Is the dance music industry helping to destroy the environment?
Is the dance music industry destroying our environment?
What a grim headline, but it’s a point we need to examine to be accountable for our part in the reality of the world we’re living in, be it positive or negative.
An opinion piece on DJMag takes a look at the dance music industry and how it’s affecting the environment and surprisingly it has more to do with DJs/Producers flying to gigs than festivals creating filth.
Dance/electronic music is booming; the industry was worth $7.3bn this May with projections for 2021 looking like untuntsunts will be worth $9bn.
With 40% of revenue in the US (and surely the rest of the world) coming from festivals, events are paying top-dollar to get line-ups that will keep people coming back for more.
Throughout its evolution, festivals went from an all-local line-up, to booking one international, to now, where it’s a star-studded affair every time- we as festival-goers are spoilt rotten!
But it’s these flying acts that have a hand in the harm of our environment.
Looking at emissions, experts at Technical University Delft believe that travelling by air contributes to 5% of human-induced carbon dioxide (demon fuel) in the atmosphere, contributing to climate change.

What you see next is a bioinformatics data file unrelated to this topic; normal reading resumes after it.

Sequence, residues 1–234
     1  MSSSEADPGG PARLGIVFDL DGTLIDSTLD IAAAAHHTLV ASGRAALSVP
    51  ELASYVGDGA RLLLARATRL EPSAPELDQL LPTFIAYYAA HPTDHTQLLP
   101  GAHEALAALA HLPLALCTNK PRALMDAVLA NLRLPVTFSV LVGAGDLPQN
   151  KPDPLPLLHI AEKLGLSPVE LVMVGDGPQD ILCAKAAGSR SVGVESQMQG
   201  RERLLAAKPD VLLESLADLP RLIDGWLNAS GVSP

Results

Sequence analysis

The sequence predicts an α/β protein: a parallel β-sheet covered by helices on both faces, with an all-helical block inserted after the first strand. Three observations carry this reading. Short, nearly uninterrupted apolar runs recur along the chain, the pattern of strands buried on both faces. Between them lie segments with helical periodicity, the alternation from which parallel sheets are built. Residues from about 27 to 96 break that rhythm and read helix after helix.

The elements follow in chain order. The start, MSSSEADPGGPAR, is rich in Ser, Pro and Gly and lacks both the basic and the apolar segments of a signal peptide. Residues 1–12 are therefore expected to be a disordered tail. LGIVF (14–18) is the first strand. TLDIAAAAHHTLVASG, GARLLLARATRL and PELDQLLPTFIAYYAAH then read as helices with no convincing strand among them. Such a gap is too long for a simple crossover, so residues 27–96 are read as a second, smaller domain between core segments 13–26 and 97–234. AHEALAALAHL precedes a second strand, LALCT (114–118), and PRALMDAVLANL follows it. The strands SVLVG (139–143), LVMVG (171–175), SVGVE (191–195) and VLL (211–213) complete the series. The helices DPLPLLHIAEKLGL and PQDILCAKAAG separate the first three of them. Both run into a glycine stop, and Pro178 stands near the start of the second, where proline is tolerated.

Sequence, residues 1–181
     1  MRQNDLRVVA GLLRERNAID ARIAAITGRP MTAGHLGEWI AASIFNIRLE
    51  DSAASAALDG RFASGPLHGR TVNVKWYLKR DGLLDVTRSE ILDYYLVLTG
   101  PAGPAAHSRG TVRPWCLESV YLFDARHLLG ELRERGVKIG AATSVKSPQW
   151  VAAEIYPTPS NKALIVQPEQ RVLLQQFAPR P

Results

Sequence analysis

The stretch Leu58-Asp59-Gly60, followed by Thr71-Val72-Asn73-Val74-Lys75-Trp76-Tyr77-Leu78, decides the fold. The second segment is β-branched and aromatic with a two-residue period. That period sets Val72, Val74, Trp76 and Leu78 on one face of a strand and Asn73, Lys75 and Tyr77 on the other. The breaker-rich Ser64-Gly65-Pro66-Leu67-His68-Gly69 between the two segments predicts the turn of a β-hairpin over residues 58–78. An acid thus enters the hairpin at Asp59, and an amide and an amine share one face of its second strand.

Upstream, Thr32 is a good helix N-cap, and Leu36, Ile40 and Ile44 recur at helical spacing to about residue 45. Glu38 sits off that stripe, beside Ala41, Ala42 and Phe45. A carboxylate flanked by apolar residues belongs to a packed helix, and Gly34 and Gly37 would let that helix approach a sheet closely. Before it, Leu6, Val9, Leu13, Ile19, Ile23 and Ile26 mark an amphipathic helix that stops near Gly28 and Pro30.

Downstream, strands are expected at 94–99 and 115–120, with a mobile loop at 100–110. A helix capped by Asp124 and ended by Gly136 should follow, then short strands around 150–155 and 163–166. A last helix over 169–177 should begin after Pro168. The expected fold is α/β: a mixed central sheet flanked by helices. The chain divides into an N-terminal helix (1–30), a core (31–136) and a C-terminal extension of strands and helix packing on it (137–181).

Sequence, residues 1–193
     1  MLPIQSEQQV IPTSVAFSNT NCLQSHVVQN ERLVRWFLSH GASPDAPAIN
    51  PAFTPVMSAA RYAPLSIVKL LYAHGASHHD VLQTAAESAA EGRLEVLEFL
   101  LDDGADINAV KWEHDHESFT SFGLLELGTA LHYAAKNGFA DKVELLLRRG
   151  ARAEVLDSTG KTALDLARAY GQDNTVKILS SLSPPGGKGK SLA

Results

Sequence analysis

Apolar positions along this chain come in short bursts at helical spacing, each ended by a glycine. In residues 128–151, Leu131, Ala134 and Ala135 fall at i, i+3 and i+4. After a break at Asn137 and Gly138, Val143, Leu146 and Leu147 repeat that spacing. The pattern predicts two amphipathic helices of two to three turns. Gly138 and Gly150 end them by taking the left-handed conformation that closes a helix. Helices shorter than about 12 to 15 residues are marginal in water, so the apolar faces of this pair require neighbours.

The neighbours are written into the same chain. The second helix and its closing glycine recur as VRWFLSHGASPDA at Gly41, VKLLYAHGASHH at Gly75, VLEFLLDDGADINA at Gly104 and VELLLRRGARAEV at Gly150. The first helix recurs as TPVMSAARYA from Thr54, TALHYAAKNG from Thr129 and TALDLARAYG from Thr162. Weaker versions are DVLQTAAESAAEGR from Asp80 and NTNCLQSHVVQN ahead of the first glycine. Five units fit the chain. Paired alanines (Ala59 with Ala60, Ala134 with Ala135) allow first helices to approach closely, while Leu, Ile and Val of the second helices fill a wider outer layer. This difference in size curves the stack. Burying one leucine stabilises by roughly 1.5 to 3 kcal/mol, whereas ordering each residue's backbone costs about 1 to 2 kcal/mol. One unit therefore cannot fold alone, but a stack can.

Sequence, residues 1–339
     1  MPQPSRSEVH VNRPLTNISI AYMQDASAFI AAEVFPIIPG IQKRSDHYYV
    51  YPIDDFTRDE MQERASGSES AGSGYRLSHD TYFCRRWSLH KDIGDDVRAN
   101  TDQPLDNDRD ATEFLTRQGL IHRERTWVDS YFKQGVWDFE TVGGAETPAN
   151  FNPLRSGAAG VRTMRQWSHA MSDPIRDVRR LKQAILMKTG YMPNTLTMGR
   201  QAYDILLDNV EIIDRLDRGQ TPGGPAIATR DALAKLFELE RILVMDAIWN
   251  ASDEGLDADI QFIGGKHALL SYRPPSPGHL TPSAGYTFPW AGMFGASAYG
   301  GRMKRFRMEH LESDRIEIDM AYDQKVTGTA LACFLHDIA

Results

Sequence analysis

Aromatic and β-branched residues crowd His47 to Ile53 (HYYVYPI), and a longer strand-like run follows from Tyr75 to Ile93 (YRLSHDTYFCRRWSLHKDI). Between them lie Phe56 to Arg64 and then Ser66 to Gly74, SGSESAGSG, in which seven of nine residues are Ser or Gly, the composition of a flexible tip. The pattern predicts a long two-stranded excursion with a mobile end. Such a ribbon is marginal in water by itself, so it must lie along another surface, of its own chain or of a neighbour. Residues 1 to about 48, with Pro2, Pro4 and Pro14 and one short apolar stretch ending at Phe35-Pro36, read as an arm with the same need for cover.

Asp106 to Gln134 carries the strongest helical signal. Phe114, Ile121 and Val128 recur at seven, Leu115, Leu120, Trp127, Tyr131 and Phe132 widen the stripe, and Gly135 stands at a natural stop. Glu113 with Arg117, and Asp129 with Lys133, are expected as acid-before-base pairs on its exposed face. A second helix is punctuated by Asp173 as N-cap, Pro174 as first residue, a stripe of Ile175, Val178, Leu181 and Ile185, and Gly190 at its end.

Stopping people from flying is unrealistic until other means of travel are possible (Elon, we’re looking at you), but perhaps we can look at balancing the scale.
New York DJ and producer Sammy Bananas, founder of DJs For Climate Action reckons we can put DJs to positive environmental use:
“[DJs] are already traveling the world, so you could have these global warming diplomats almost. Give them a message and they can spread it really far,” he said.
That’s a grand idea, but I believe that festival organizers booking DJs can also have a positive impact with initiatives at festivals aimed at decreasing carbon emissions, increasing forest and tree planting, creating awareness of environmental changes and plans, etc: That way, you can actively change the mentality of the thousands of people who leave your festival.
For example, BOOM Festival in Portugal attracts over 40 000 festival goers from all over the world and boasts a line-up that will have your ears crying with joy- they have environmental sustainability projects running year-round.
To put all the blame of environmental woes on the dance music industry is unfair, but that doesn’t mean we can’t do our best as a collective and make positive changes.